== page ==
CHIPOTLE RESTAURANTS have earned billions of dollars by making indulgence wholesome, or seem so. As marketing materials endlessly repeat, your Chipotle meal consists of “real, whole foods” and are prepared “using classic cooking techniques.” If its centerpiece can be a foil-wrapped obesity bomb — a barbacoa burrito on a flour tortilla with rice, sour cream and guacamole contains 995 calories and 53 grams of fat, according to the company’s Web site — well, that’s the customer’s choice. The pork comes from free-range pigs!
In this respect, Chipotle isn’t much different from other successful restaurant chains past and present. Its latest marketing campaign, however, takes righteous chowing-down to a troubling new level. On Monday, the chain announced that its entire menu is GMO-free — meaning it contains no ingredients derived from genetically modified plants or animals. Thus has a leading food company added its imprimatur to a global propaganda campaign that is not only contrary to the best scientific knowledge but also potentially harmful to vulnerable populations around the world.
Men and women have been cross-breeding — genetically modifying — plants and animals since the dawn of agriculture. Modern molecular biology, however, enables them to do it with unprecedented precision and effectiveness; a single gene inserted into a naturally occurring sequence can render, say, a variety of eggplant impervious to pests. The promise of GMOs, already widely used in the United States, is that farmers in the developing world can use them, too, and thus feed their hungry populations at far lower cost than ever before.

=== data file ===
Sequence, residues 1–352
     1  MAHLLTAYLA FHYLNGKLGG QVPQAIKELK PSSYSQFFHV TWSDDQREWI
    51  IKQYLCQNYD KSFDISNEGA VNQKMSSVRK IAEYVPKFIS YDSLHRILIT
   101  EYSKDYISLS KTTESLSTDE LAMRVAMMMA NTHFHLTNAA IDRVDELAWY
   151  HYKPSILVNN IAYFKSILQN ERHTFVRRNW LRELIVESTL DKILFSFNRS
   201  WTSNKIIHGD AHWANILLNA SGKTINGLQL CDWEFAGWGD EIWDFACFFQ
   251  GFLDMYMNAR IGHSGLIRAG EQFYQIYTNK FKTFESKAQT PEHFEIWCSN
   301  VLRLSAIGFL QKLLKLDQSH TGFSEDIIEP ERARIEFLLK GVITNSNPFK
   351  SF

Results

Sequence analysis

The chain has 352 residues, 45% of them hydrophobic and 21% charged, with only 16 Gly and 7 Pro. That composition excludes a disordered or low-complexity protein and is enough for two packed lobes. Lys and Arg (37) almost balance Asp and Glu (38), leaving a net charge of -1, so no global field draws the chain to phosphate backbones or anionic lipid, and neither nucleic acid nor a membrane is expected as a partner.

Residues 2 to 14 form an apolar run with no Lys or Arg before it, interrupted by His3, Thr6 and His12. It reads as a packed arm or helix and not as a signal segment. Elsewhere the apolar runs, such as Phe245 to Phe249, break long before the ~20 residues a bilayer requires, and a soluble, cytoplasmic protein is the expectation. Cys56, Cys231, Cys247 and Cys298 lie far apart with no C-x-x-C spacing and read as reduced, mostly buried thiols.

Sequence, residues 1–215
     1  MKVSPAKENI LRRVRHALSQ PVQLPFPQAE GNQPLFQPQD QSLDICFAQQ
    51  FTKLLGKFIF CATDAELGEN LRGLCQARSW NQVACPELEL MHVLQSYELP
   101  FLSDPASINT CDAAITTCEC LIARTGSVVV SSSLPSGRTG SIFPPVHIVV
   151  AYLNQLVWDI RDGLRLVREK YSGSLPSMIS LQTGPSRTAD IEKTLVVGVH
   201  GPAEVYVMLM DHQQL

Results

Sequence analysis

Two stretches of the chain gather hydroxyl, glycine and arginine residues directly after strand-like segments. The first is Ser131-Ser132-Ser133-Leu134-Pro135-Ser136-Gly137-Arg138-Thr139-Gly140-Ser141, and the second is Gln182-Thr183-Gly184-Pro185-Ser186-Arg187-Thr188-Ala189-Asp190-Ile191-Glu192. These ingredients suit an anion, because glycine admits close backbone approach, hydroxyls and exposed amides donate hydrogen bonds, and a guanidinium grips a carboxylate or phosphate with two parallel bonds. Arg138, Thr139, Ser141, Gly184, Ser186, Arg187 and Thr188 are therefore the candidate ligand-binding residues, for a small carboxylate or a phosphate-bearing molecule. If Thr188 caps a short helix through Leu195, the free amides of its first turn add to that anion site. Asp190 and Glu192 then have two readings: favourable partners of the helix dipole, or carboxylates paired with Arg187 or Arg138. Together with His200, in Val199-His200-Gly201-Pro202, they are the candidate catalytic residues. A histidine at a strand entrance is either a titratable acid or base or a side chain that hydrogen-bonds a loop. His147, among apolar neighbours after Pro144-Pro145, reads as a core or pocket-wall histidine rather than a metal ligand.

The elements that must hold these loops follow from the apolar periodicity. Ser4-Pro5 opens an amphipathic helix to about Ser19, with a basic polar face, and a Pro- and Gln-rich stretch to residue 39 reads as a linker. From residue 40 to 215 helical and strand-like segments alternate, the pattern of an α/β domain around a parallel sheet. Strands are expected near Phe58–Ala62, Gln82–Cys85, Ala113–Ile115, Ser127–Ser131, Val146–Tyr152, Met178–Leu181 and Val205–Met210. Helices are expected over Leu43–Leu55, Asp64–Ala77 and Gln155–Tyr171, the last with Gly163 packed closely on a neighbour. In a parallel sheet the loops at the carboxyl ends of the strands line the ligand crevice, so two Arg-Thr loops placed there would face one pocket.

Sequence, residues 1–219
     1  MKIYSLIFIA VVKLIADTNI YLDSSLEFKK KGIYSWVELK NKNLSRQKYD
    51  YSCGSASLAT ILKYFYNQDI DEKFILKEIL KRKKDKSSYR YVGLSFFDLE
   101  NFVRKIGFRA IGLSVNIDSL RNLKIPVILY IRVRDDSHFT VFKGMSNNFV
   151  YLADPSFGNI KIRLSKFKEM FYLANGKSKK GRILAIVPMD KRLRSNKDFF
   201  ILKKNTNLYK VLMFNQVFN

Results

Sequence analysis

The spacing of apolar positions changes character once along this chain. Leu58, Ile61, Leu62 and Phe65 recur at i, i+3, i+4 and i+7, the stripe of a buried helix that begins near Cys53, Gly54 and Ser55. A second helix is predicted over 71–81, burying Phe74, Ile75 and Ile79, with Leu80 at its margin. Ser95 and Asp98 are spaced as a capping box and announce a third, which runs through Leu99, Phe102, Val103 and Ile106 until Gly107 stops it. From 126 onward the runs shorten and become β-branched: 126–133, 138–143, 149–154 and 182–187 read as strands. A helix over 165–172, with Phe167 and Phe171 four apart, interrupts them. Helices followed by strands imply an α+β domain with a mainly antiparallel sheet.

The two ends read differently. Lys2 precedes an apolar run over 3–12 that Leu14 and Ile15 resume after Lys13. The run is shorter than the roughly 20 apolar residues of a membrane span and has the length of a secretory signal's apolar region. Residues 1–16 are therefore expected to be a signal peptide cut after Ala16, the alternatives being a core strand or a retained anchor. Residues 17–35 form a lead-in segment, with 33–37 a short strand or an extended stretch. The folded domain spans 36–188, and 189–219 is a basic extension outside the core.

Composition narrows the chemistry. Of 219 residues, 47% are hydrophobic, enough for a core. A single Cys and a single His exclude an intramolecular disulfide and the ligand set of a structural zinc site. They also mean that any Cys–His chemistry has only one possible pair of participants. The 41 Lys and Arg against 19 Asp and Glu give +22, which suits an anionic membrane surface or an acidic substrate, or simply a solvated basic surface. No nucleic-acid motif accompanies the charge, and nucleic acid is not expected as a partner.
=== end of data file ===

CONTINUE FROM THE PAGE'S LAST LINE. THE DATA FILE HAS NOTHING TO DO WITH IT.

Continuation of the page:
The peril, according to critics, Chipotle now included, is — well, disaster scenarios vary. Chipotle, in a news release, asserts that it’s holding out for “a consensus on the long-term implications of widespread GMO cultivation and consumption.” No matter that GMO-derived foods have been widely consumed for years and that a 2014 report by the World Resources Institute, while calling for continuing safety research, concluded, “There is no evidence that GM crops have actually harmed human health.” A related concern, according to the company, is that herbicide-resistant GMOs encourage overuse of herbicides. Wouldn’t the right response to that esoteric concern be to avoid products grown with herbicides?
In nevertheless validating the panic that has led to limits or bans on GMOs in developing nations, Chipotle says “we decided to remove the few GMOs in our food so that our customers who choose to avoid them can enjoy eating at Chipotle.” In other words, the anti-GMO lobby has scared people, and burritos can be sold by pandering to these fears. Alas, the company’s marketing instinct, in this respect, is unerring: According to a survey by the Pew Research Center, conducted in association with the American Association for the Advancement of Science, 88 percent of scientists believe genetically modified foods are safe, compared with only 37 percent of the public.
Chipotle is by no means an outlier; other American corporations have also joined the no-GMO bandwagon. Our point is that no one should confuse any of these companies’ behavior with real corporate responsibility. That would require companies to push back against the orchestrated fear of GMOs instead of validating it.